Hospital beds are riskier than aircraft, says expert

ABU DHABI — The risk of getting harmed in a hospital is far greater than when travelling in an aircraft, warned a medical consultant.

By Olivia Olarte

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Published: Wed 13 Oct 2010, 11:45 PM

Last updated: Mon 6 Apr 2015, 4:24 PM

“The chance of getting harmed in the hospital is one in 300, while on an aircraft it is one in one million,” said Dr Mubasher S. Kharal, consultant internist and director of Medication and Safety Programme at King Abdul-Aziz Medical City in Saudi Arabia.

In the US, there are between 44,000-98,000 preventable deaths per year, which equates to 106 crashes of Boeing 747-400s each year or two planes crashing per week.

“These preventable deaths have nothing to do with patient diseases at all,” Dr Kharal told healthcare delegates at the second day of the Arabian Public Health Forum 2010, which was held at the capital on Tuesday.

Compared to the healthcare sector, the aviation industry is doing very well because their system is designed to respond to every possible scenario that could go wrong, Dr Kharal stated.

“In the medical industry, we’re retroactive. If something goes wrong, everyone will start thinking of a way to fix it. We don’t think ahead of time that something could go wrong,” he pointed out, noting the prevalence of obesity in the region, which leads to diabetes and cardiovascular diseases.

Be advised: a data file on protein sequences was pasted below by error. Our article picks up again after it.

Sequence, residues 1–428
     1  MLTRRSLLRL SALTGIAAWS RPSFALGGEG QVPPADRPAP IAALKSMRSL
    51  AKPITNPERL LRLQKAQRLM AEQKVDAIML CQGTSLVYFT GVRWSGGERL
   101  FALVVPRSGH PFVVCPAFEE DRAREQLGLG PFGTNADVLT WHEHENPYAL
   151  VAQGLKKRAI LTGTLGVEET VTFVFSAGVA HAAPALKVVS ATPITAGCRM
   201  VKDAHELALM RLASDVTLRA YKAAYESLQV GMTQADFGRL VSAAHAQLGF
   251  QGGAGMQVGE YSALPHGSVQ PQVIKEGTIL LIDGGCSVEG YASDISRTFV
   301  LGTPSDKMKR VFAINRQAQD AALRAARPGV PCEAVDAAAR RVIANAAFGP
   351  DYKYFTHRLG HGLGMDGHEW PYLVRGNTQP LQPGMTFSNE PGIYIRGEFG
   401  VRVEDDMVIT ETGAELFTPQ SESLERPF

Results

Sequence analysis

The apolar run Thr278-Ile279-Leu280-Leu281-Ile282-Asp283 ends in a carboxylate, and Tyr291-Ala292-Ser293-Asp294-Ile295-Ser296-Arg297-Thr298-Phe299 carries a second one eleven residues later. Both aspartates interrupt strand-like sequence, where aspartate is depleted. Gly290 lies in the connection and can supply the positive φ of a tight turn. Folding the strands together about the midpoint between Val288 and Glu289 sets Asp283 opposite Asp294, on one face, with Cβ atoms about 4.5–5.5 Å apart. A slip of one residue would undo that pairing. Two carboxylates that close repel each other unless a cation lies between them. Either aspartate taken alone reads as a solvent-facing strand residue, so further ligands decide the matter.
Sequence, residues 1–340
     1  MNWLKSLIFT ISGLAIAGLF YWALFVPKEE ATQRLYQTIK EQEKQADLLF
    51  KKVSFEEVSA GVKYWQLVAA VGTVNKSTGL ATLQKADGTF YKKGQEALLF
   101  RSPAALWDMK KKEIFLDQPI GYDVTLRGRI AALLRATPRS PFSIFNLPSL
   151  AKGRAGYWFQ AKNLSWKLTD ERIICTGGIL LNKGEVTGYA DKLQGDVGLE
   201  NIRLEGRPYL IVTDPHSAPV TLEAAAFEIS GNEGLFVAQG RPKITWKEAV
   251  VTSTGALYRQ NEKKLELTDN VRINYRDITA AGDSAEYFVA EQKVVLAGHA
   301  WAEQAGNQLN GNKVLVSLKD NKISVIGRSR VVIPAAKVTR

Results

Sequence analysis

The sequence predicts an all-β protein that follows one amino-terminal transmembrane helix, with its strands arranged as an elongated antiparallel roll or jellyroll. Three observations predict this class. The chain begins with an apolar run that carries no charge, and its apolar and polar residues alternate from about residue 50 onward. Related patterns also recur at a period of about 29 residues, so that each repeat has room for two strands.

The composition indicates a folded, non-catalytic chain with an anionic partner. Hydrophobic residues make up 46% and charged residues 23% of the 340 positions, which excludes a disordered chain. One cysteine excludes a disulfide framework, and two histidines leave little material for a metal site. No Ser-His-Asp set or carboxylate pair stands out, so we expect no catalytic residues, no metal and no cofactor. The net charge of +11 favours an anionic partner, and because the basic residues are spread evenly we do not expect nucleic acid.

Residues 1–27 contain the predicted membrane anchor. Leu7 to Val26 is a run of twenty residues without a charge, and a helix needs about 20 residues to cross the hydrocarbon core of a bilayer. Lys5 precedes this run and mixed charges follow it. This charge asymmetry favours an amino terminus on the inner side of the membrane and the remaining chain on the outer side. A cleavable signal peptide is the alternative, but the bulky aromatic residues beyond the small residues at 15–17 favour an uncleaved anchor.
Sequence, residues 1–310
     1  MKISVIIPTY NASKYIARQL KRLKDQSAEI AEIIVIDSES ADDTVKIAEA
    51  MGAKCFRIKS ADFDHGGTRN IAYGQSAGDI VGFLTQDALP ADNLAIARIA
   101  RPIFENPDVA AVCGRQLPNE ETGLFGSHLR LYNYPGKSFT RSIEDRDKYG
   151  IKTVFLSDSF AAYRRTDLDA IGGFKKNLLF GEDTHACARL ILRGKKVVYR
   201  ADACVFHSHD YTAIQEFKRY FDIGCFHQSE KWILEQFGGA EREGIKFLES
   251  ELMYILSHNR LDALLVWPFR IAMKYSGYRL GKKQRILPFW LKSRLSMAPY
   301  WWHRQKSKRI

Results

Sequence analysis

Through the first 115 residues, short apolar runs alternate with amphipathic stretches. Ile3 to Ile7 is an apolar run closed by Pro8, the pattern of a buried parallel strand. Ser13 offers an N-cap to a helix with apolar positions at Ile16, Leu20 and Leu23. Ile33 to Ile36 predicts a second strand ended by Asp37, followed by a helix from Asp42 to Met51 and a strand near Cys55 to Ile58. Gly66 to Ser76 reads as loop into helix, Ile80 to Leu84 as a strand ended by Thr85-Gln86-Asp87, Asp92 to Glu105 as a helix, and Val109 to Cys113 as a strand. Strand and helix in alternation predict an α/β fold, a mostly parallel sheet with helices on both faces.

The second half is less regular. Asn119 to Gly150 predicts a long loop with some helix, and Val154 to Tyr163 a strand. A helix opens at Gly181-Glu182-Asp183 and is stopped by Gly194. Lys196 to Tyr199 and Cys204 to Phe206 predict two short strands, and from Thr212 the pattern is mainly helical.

“We have a lot of work to do in the healthcare industry, and what we need to do is start looking at changing our systems,” he added.

A study he had conducted in Saudi on 1,200 diabetics revealed that only 39 per cent were able to control their blood pressure, 55.4 per cent reached their low-density lipoprotein cholesterol (LDL-C) goals, and 21 per cent were in control of their haemoglobin A1C.

“Unfortunately, this is the same in the Gulf region. We need to find ways to address this,” he said, attributing the low results to patient’s non-compliance as well as the doctor’s “inertia” or the inactiveness to follow-up on his patient.

In an endeavour to study the percentage of patients who are reaching their LDL-C goals in the region, the Emirates Cardiac Society launched the Centralised Pan-European Survey on the Under-treatment of Hypercholesterolemia (CEPHEUS) in December 2009.CEPHEUS is the first and the largest study ever conducted in the Gulf which enrolled around 5,300 patients on statin (cholesterol-lowering drug) treatment - 4,000 from Saudi Arabia, 700 from the UAE and 600 from the rest of the Gulf nations.

Dr Wael Almahmeed, chairman of the Emirates Cardiac Society and the principal investigator of the CEPHEUS study in the region told Khaleej Times previously that he expects to find similar results here as that in Europe, which showed that 45 percent of treated patients did not reach the LDL-C goal.

Patients who failed to reach their cholesterol goals are at high risk for coronary heart disease, heart attack and stroke.

“We need to have a commitment towards reducing the burden of cardiovascular diseases,” Dr Kharal stressed noting the importance of educating primary and family physicians on the proper care of high risk patients.

After the CEPHEUS results will be made available early 2011, Dr Almahmeed said a physician education will be conducted to look at the problem and solutions, and train doctors on how to reach the LDL-C goals.

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